Expanded: 3.25/5 (if this was around the time before Forest of Giant Plants got banned, this would be a 4.25/5 on a span of just six months!)

Limited: 3.5/5 (The matter is getting the entire 1-1-1 line out, whether it be pulling from four packs and/or getting them in play. If you miss one of them, you can’t use it.)

Otaku Avatar

Today’s Throwback Thursday pick is serving double duty, as it also would have been our 13th place finisher if our countdown of cards lost to the 2020 Standard Format Rotation had been a bit bigger.  Decidueye-GX (Sun & Moon 12/149, 146/145; SM – Black Star Promos SM37) officially released on February 3, 2017.  Our first review followed shortly after, as Decidueye-GX was our runner-up as we counted down the best cards from Sun & Moon.  We’ve already looked at Decidueye-GX a second time, as ranked it the 8th best card of 2017.  So, what made Decidueye-GX so good, and how was it doing by the end of its Standard-legal run?

Decidueye-GX is a Stage 2 [G] Type Pokémon-GX.  It has 240 HP, [R] Weakness, no Resistance, and a Retreat Cost of [CC].  It knows the Ability “Feather Arrow”, which lets you select one of your opponent’s Pokémon and place two damage counters on it, though each instance of Feather Arrow may only be used once per turn, prior to attacking or doing anything else that would automatically end your turn upon resolution.  It can also use the attack “Razor Leaf” for [GCC] to do 90 damage, or the GX-attack “Hollow Hunt-GX” to add three cards from your discard pile to your hand.  It Evolves from Dartrix, which in turn Evolves from Rowlet; Dartrix can also Evolve into Decidueye (the version that is not a Pokémon-GX).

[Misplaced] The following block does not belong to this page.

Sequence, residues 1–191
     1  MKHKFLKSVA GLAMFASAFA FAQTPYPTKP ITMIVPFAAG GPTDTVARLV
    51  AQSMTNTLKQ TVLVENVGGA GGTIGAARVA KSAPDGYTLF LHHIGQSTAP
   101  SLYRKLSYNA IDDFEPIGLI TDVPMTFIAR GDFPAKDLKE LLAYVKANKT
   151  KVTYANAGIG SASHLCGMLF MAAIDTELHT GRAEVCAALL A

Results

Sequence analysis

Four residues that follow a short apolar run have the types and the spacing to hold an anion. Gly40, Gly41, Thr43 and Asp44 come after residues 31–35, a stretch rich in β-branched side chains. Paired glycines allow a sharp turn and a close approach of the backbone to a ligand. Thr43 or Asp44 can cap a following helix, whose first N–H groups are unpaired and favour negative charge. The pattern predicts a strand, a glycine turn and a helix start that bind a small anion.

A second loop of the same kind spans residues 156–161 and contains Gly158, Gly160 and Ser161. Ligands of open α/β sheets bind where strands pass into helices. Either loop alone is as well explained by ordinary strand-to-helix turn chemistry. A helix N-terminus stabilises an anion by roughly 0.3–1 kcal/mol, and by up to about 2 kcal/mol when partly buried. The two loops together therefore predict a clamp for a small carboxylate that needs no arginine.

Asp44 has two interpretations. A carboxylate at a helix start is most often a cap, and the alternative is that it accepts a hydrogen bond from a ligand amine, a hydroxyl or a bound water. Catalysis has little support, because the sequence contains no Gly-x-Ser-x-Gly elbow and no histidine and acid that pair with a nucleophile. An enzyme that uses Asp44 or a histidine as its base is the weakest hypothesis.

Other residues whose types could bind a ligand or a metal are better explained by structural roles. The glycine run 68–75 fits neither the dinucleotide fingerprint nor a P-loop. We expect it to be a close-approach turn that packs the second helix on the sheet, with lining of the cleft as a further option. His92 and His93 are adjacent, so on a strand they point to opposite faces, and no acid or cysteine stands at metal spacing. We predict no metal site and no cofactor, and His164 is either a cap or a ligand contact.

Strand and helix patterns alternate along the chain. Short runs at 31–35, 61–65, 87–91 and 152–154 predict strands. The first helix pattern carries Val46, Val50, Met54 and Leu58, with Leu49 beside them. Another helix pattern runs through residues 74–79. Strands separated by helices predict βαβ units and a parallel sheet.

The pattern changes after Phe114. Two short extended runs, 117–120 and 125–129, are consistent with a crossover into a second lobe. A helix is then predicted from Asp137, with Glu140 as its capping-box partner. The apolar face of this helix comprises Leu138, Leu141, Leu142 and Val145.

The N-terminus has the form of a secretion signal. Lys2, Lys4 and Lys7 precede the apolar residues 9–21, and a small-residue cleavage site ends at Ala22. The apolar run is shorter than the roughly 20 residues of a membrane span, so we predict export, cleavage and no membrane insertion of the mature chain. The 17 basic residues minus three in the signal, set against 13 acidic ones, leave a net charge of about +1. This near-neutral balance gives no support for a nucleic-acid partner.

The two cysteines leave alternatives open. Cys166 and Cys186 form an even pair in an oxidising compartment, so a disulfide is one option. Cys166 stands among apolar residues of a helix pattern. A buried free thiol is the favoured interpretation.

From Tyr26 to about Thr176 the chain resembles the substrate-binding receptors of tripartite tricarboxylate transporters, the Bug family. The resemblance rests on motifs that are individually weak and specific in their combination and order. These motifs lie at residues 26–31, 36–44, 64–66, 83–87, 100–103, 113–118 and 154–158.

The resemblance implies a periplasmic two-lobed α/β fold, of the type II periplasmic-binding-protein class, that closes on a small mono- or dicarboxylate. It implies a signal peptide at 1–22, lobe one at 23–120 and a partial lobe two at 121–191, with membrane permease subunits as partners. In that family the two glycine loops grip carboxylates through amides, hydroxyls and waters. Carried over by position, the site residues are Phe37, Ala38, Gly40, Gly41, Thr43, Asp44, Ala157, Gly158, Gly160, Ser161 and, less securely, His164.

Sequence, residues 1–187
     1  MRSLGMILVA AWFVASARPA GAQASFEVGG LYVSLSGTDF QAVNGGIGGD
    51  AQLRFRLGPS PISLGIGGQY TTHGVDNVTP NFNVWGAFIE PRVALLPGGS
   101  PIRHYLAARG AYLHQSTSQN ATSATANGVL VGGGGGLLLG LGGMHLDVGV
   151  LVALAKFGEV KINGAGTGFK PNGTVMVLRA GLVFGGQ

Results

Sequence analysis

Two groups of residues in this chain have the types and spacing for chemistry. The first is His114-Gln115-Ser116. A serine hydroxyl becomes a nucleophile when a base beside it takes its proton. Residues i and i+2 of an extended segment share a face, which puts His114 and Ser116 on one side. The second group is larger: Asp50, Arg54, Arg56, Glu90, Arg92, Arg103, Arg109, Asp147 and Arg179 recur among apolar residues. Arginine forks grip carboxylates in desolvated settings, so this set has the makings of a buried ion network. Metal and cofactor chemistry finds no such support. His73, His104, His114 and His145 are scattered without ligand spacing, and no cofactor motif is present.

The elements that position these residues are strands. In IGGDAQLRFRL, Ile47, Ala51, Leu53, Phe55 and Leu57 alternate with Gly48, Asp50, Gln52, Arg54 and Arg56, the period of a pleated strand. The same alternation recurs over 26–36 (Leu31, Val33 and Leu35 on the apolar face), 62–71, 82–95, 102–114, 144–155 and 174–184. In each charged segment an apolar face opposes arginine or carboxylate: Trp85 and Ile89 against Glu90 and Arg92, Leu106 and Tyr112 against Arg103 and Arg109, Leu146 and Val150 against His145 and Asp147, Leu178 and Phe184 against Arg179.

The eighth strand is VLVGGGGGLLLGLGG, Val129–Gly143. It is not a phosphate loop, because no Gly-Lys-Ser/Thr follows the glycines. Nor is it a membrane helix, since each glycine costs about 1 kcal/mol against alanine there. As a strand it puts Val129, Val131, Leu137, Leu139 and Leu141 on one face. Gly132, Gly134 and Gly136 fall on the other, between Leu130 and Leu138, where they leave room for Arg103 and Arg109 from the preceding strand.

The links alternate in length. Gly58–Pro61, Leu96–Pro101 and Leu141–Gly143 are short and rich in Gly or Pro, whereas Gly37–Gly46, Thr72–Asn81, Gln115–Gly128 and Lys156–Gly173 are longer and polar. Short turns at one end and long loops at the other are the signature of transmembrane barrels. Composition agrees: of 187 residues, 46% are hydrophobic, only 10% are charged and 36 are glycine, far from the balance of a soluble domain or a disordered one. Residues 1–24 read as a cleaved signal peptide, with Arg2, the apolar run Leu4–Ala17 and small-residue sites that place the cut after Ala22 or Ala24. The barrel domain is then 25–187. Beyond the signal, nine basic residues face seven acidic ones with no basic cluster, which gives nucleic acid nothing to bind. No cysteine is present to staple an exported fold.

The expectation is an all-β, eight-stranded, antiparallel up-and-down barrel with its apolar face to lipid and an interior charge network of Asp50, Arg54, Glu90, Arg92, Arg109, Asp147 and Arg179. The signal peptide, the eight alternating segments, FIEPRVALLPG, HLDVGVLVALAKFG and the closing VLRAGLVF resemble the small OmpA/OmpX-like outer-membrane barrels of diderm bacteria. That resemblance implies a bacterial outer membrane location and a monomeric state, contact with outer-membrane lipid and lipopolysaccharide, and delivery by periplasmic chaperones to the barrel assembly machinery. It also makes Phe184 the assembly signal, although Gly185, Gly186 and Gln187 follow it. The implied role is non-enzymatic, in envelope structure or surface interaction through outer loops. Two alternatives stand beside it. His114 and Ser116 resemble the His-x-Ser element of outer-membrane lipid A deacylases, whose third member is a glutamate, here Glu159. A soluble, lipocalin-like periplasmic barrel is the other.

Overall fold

Feather Arrow is Decidueye-GX’s main strength; an Ability that places damage counters like this is flat out better than an attack that does a similar amount of damage, barring extenuating circumstances.  Feather Arrow could be used to essentially attack without attacking, though usually was used to indirectly enhance other attacks (including its own).  Razor Leaf was priced so that it could take advantage of off-Type Energy acceleration like Double Colorless Energy, and had an adequate return for the Energy, given the circumstances.  Feather Arrow also let you use Hollow Hunt-GX without completely surrendering your offensive tempo, and in decks focused on powerful offensive combos or control scenarios, getting back any three cards was worth your GX-attack.